Kosmos 27

Summary

Kosmos 27
Mission typeVenus impact probe
OperatorOKB-1
COSPAR ID1964-014A
SATCAT no.00770
Spacecraft properties
Spacecraft type3MV-1
ManufacturerOKB-1
Launch mass6520 kg [1]
Dry mass948 kg
(including an impact
probe of 285 kg) [2]
Start of mission
Launch date27 March 1964, 03:24:43 GMT
RocketMolniya 8K78
s/n T15000-27
Launch siteBaikonur, Site 1/5
ContractorOKB-1
End of mission
Decay date28 March 1964
Orbital parameters
Reference systemGeocentric [3]
RegimeLow Earth
Perigee altitude167 km
Apogee altitude198 km
Inclination64.8°
Period88.7 minutes
Epoch27 March 1964
 

Kosmos 27 (Russian: Космос 27 meaning Cosmos 27), also known as Zond 3MV-1 No.3 was a space mission intended as a Venus impact probe. The spacecraft was launched by a Molniya 8K78 carrier rocket from Baikonur. The Blok L stage and probe reached Earth orbit successfully, but the attitude control system failed to operate.[4]

Launch

Kosmos 27 was launched at 03:24:43 GMT on 27 March 1964, atop a Molniya 8K78 s/n T15000-27 carrier rocket flying from Site 1/5 at the Baikonur Cosmodrome.

Spacecraft

Kosmos 27 was a "third-generation" deep space planetary probes of the 3MV series of the Soviet Union. The Soviet engineers planned four types of the 3MV, the 3MV-1 (for Venus impact), 3MV-2 (for Venus flyby), 3MV-3 (for Mars impact), and 3MV-4 (for Mars flyby). The primary difference over the second-generation was vastly improved (and in many cases doubled) orientation system elements as well as improved onboard propulsion systems. While these four versions were meant to study Mars and Venus.[2]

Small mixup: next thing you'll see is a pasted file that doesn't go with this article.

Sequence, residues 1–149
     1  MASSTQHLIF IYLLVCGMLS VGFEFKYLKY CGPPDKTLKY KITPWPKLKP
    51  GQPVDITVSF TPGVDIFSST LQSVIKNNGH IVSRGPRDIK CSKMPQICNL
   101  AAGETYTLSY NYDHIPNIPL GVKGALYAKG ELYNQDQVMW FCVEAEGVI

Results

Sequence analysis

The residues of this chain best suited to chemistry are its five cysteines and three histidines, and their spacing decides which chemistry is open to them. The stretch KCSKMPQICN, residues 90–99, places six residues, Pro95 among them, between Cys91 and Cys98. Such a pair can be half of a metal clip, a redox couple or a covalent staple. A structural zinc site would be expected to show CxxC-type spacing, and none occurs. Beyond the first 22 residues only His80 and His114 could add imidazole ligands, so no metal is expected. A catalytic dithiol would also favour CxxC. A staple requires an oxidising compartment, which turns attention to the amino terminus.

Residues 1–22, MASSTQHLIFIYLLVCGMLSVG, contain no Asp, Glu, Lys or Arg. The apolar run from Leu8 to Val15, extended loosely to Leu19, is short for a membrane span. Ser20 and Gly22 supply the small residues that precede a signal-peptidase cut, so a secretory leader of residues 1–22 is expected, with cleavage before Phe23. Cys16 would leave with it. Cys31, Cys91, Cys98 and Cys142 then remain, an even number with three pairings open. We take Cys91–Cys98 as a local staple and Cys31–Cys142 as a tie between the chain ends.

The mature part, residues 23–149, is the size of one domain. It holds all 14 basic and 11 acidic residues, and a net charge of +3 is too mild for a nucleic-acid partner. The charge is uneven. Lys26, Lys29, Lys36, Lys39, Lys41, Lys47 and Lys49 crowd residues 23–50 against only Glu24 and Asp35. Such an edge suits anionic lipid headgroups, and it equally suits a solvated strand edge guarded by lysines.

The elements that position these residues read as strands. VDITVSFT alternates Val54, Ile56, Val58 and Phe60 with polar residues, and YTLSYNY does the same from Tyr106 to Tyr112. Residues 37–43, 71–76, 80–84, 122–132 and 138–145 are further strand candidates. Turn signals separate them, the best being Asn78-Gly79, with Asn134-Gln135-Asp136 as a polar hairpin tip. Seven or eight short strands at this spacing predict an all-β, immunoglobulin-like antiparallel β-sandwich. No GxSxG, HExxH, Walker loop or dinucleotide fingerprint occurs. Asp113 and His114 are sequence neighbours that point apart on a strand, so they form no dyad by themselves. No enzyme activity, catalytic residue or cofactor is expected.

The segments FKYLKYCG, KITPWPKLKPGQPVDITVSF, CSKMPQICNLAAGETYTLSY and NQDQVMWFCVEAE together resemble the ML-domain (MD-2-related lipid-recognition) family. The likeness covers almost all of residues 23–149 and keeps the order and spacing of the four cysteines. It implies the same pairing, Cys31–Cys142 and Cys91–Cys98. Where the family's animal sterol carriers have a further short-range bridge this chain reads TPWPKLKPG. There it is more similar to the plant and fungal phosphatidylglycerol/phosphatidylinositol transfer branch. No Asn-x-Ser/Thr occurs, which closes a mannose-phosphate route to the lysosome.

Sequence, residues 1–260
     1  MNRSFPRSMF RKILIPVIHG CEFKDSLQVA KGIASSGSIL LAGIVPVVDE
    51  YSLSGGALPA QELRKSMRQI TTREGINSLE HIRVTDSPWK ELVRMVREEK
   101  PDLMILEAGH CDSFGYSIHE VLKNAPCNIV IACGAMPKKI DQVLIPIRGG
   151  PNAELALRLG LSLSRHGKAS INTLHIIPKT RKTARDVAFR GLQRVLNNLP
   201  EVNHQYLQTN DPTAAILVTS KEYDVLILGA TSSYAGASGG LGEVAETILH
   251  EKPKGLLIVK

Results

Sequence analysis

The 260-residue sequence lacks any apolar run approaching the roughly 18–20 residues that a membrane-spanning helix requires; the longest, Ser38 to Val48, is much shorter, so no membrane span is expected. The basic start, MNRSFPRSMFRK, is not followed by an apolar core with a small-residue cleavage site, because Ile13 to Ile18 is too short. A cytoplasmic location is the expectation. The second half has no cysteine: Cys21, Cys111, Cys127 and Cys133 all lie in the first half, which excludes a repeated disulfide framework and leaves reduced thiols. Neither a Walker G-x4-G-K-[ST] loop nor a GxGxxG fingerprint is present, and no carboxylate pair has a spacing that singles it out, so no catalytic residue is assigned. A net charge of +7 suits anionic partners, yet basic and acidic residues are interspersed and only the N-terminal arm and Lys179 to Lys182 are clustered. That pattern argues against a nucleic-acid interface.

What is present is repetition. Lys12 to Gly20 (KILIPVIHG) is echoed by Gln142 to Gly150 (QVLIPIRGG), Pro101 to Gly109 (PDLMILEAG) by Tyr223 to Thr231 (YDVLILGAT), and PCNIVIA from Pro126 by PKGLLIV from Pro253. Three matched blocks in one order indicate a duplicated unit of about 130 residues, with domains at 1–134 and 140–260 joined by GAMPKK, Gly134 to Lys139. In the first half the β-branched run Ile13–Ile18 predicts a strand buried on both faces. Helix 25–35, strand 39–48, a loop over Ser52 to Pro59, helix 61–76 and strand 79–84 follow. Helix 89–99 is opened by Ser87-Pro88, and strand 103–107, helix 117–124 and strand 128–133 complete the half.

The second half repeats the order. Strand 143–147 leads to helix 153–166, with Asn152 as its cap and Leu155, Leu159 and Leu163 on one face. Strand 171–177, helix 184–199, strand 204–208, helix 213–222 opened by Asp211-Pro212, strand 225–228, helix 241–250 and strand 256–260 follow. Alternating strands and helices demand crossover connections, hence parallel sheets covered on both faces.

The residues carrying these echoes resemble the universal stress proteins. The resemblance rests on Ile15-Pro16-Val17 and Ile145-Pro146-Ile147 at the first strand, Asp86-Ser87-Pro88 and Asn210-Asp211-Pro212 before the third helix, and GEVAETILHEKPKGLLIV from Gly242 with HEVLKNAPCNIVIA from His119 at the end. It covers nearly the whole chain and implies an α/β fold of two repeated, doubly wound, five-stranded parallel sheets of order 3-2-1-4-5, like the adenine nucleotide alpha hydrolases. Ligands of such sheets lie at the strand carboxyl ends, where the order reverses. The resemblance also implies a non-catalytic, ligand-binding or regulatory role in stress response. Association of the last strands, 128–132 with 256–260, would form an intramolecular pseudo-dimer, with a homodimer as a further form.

Mission

The probe was the first dedicated 3MV spacecraft that the Soviets launched (earlier missions had been of the test "Object-Probe" versions as Kosmos 21). It was designed to accomplish atmospheric entry into Venus followed by descent and impact. On 27 March 1964, it had a perigee of 167 kilometres (104 mi) and an apogee of 198 kilometres (123 mi), with an inclination of 64.8° and an orbital period of 88.7 minutes. The spacecraft successfully reached Earth orbit but failed to leave for Venus when the Blok L upper stage malfunctioned. The upper stage lost stable attitude due to a failure in the circuit of the power supply circuit that powered the valves for the attitude control system; hence, the stage remained uncontrollable and not ready to initiate a burn to leave Earth orbit. The problem was traced to a design error, the examination of telemetry data found that the failure was due to a design flaw in the circuitry of the BOZ unit, which resulted in power not being transferred to the attitude control jets on the Blok L stage, rather than one related to quality control. The spacecraft burned up in Earth's atmosphere the following day, on 28 March 1964. If successful, this mission would have been given a "Venera" designation.[2]

See also

References

  1. ^ https://nssdc.gsfc.nasa.gov/nmc/spacecraft/display.action?id=1964-014A - 27 February 2020
  2. ^ a b c Siddiqi, Asif A. (2018). Beyond Earth: A Chronicle of Deep Space Exploration, 1958–2016 (PDF). The NASA history series (second ed.). Washington, D.C.: NASA History Program Office. p. 58. ISBN 9781626830424. LCCN 2017059404. SP2018-4041.
  3. ^ https://nssdc.gsfc.nasa.gov/nmc/spacecraft/displayTrajectory.action?id=1964-014A - 27 February 2020
  4. ^ Wade, Mark. "Venera 3MV-1". Encyclopedia Astronautica. Archived from the original on 27 February 2002. Retrieved 17 February 2017.